The people who loved her tried to help, but in the end it seems she suffered in silence.

Surviving Markets

If you’re reading this note, you are probably familiar with another “what have you done for me lately” industry. Like those who choose to be a fashion designer or chef, the people who choose finance and investing as a profession are a motley crew. But they also have some things in common. Most are very smart. Most want to make a lot of money. Nearly all are very driven to succeed, by which I mean to grow in responsibility and reputation. Outside of that, you’ll find all kinds. The empathetic, the selfish, conscientious and socially clueless alike find homes in our industry.

Intelligence and drive are found in abundance. But success in finance requires something else that is in somewhat shorter supply: mental toughness. Resilience. When I say that it comes in short supply, I perhaps understate the matter. Every person employed at a high level in finance would be better at their jobs if they were mentally tougher. More able to endure changes of fortune. More resistant to our biologically adapted fight-or-flight responses to stress and perceived danger.

Well, almost everyone. Ben and I are fond of observing that so many of the very successful people in our industry are high-functioning sociopaths. Given that I’m writing about mental illness, I should probably be less reckless in throwing out pseudo-clinical terms, especially in a pejorative way, but I hope you have enough grace to understand what I’m trying to say. At a minimum, accept my contention that a less emotional response to the day-to-day changes in the value of an investment portfolio is an asset of immense value.

This is true in almost every job in this industry. The executive assistant to a high-powered investment banker or investment executive hears unspeakable horrors. He’s the first one to learn about the layoffs, the employee being disciplined. He’s the one who must endure the rapidly changing moods of someone who must grapple with every hard reality of running a business. What is he called upon to do? To be even. Calm. To ensure that meetings still happen and that people still make their flights when the shit is hitting the fan. Mental toughness.

It’s demanded of the salesperson who walks into yet another office that forgot about the meeting. Four people show up for your pitch because, well, you brought breakfast, and they feel like they have to be polite before their “hard stop” in 20 minutes (who has a meeting that starts at 9:10 AM?). But no decision-makers in the room. The lady who scheduled the meeting isn’t there, and you passed up another meeting because of that 10% weight in her model where’s she’s looking to swap out managers. Quarter’s almost up and you’re halfway to your sales targets. What’s your spouse going to say? Time to stop daydreaming and calmly, respectfully, helpfully answer that question from the young kid that you already anwered. Mental toughness.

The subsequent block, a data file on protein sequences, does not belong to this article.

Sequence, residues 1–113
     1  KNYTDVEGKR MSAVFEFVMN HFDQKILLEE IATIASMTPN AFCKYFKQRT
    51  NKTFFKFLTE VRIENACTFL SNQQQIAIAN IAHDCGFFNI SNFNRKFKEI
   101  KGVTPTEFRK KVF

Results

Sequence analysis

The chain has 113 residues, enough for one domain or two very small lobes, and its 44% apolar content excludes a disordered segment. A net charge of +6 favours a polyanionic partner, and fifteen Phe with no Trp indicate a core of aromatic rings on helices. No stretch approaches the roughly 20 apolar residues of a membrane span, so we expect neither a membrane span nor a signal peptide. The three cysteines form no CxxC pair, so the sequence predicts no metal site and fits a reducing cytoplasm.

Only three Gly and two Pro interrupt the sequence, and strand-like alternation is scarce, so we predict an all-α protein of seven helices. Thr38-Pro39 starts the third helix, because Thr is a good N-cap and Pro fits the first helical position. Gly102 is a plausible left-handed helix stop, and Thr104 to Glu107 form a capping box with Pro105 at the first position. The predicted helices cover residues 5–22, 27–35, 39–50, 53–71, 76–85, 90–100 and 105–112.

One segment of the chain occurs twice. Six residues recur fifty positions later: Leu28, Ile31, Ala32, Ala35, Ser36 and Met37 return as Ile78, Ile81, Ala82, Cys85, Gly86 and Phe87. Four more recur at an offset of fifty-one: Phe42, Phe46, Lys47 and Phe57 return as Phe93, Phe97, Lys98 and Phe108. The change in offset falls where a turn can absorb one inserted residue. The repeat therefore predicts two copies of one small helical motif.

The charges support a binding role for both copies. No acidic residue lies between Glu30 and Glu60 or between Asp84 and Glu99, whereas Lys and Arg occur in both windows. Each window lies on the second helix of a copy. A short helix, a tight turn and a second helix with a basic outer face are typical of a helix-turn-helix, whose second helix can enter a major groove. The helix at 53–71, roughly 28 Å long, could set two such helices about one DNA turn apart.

The advisor working with clients endures this daily. Why are we still holding this value fund / low vol fund / quality fund / hedged strategy when it has underperformed the S&P 500 by so much, they ask? Do you remind them of your last conversation, where you agreed that this holding was a long-term position motivated by their portfolio risk appetite? Are you serving them better by pushing back on specious arguments, or is the customer always right? They seem furious, and a sense of justice and righteous anger is rising up in you as they express it. You suppress it. You empathize. Your mind is racing. What is the right thing to say to help them understand how to resist emotional investment decisions without being condescending? Mental toughness.

In investment roles, the need for a short memory, for the ability to come in the next day unchanged and unperturbed by the prior day, seems almost self-evident. And yet, you feel the weeks of things not working weighing you down. You don’t get this market. You’ve progressed from doubting the sanity of other investors, to doubting your process, to doubting yourself. My process says max long here. Am I really willing to go all-in? Maybe I should just pull things in for a bit. But is that what my investors expect? What if they see through me here? Mental Toughness.

Our industry recruits and trains people to be mentally tough, because those who cannot achieve some growth in this trait must choose between charlatanry or failure.

There’s no getting around this. We are fiduciaries. This is how it must be.

But there is a problem. Because we require mental toughness of the people we hire and promote within our organizations, we have allowed the emergence of a meme of mental toughness! Friends, there is a vast gulf between mental toughness and mental toughness!